Wednesday, September 7, 2016


After an absolutely perfect weekend in the fly-over zone we are around the club house turn and headed for home.  The election in 60 days; the end to the third quarter; the G-20 (which produced nothing except for Il Duce getting humiliated) and the Fed meeting in a fortnight.  It's going to be a dull three months.

Everybody came back late so yesterday was a washout in more ways than one for our East Coast buds, but what numbers there were tended to be soft.  Same thing today as the whole world seems to be in a bit of a funk. The only really interesting stuff--and not that interesting--was in Europe where the embarrassment among returning politicians and resident geniuses was at a high level as nobody could figure out how they got in so wrong regarding Brexit.  Merry Ol' is the hot spot right now and the Proud Pound has made a heck of a recovery.  Dare I say as predicted?  But on the political front, Angela took a hell of a beating in her home state adding to the list of victories by nationalist parties and now serious concern as to the future of the Union which awaits with great trepidation the coming announcement of the day for the declaration from the U.K.  Amusingly, the guy who should have been right about this, the Guv of the Bank of England, was the one who got it the most wrong which might result, one would hope, in fewer proclamations from him in the coming months, but then again, he's Canadian.  What does he know.

The financial and, unfortunately, the political scene continues to be dominated by the Central Banks of the world more and more clearly in a growing unholy partership with the supposedly elected rulers.    There is occasionally humor in this as over the weekend one Democratic wag announced with great solemnity that Trump must be defeated, "To preserve the independence of the Federal Reserve."  These guys are a laugh a minute, but to give them credit the Fed has yet to succumb to the negative interest craze which has overtaken just about everyone in Europe and around the world.  One stands in amazement at what this has wrought as today it was reported that Italy was sounding the market for an upcoming debt issue of 50 year maturity.  Amount?  Oh, 3 billion Euros should be easy...maybe three and a half.  Four might be a stretch, but....Coupon?  Well, less than 3%.  Purpose?  Well, they'll spend it on something I guess.   Oh.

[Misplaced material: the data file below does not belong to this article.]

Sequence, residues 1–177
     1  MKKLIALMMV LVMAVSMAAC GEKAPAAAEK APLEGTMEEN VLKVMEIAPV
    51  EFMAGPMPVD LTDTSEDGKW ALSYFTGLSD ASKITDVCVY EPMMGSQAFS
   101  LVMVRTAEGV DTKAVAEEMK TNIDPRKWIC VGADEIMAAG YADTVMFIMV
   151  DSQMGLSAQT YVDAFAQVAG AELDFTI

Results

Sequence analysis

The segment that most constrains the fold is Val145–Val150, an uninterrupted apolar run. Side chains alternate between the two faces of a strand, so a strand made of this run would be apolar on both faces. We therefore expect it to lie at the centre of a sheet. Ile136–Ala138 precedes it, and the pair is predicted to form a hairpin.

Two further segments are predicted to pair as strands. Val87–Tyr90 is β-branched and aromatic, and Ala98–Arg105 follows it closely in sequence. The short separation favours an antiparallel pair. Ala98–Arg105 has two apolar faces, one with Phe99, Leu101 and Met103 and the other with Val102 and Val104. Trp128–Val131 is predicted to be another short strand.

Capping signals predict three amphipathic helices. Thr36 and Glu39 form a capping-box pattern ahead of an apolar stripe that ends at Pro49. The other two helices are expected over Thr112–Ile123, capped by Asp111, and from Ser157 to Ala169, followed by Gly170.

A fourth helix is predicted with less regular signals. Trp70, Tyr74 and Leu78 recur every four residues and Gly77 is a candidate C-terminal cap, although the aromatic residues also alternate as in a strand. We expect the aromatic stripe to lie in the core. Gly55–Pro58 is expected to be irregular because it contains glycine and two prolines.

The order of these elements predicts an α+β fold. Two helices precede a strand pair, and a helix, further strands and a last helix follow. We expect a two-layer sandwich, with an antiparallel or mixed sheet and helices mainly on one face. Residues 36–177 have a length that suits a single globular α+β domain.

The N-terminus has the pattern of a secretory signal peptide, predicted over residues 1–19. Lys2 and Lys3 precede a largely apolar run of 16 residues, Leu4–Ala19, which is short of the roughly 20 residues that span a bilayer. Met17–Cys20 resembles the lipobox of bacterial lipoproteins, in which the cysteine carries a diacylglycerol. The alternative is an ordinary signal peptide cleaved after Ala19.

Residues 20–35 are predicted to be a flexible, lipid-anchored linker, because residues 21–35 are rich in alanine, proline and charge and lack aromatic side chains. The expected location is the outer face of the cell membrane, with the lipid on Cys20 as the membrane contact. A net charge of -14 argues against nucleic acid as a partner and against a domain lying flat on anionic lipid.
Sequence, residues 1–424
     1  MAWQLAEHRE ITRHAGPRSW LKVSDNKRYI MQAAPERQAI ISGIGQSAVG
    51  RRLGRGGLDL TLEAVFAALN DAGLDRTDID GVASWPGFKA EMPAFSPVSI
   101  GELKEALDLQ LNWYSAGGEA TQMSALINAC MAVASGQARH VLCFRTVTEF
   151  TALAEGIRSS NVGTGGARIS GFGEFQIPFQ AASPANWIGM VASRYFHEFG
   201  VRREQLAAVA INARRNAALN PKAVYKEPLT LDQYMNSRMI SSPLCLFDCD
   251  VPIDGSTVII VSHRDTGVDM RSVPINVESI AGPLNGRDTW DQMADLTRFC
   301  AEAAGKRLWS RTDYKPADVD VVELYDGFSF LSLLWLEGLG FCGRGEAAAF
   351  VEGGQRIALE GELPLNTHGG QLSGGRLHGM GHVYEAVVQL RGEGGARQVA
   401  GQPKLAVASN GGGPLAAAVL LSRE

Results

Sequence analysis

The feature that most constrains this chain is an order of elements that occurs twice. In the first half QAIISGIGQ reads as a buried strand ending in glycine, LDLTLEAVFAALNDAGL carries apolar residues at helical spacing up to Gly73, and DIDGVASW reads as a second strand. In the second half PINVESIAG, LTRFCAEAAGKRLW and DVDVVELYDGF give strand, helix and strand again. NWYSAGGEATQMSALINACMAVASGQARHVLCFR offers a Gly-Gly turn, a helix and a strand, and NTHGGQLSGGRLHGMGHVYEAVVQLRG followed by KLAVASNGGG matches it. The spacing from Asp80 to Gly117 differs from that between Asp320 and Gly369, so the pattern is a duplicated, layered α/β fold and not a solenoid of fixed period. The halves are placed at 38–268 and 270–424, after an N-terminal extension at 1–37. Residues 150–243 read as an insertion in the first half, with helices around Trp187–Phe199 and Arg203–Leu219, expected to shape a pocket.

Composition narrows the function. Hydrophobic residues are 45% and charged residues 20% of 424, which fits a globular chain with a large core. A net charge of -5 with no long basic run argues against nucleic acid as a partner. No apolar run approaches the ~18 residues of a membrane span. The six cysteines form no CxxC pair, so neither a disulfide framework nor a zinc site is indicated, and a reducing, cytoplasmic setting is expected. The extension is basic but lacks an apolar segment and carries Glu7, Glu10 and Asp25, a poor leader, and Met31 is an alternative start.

In this month's edition of Foreign Affairs there appears a letter to the editor by a fellow by the name of David Robinson who is a Senior Lecturer at the Hass School, Berkley, commenting on an earlier article by Martin Feldstein warning about the possible affects of the Fed's easy money policy.  Mr. Robinson believes that this is the "new" norm, that rates will and must stay low and should because there is no indication that the United States has any difficulty in raising even more debt.  This is the Little Paulie Krugman approach to Global Finance:  it's there, spend it while you can.  But the real telling line explaining what has happened is the following:

Lastly the United States has enormous sums of capital--some $24 trillion--held in pension funds.  Although many state and local pension funds are woefully underfunded, they nonetheless have trillions of dollars invested in stocks and bonds.  In a world awash in capital, sustained low rates of return may be the new normal.

No Mr. Robinson, the world is awash in debt not capital and there is a difference.  At a point debt has to be repaid.  Capital seeks risk for investment not merely a return, supposedly without risk as sovereign debt is viewed.  And the list of investors is shrinking.  Unfortunately, the debt--especially the sovereign debt being amassed is not invested for any useful purpose, either here or especially in Europe.  It is used to feed--for want of a better term--the welfare state.  Joltin' Joe has gone away, sir.  There isn't anyone out there who seems to understand this any more.  Stick to plastics Mr. Robinson.  Finance ain't your game.

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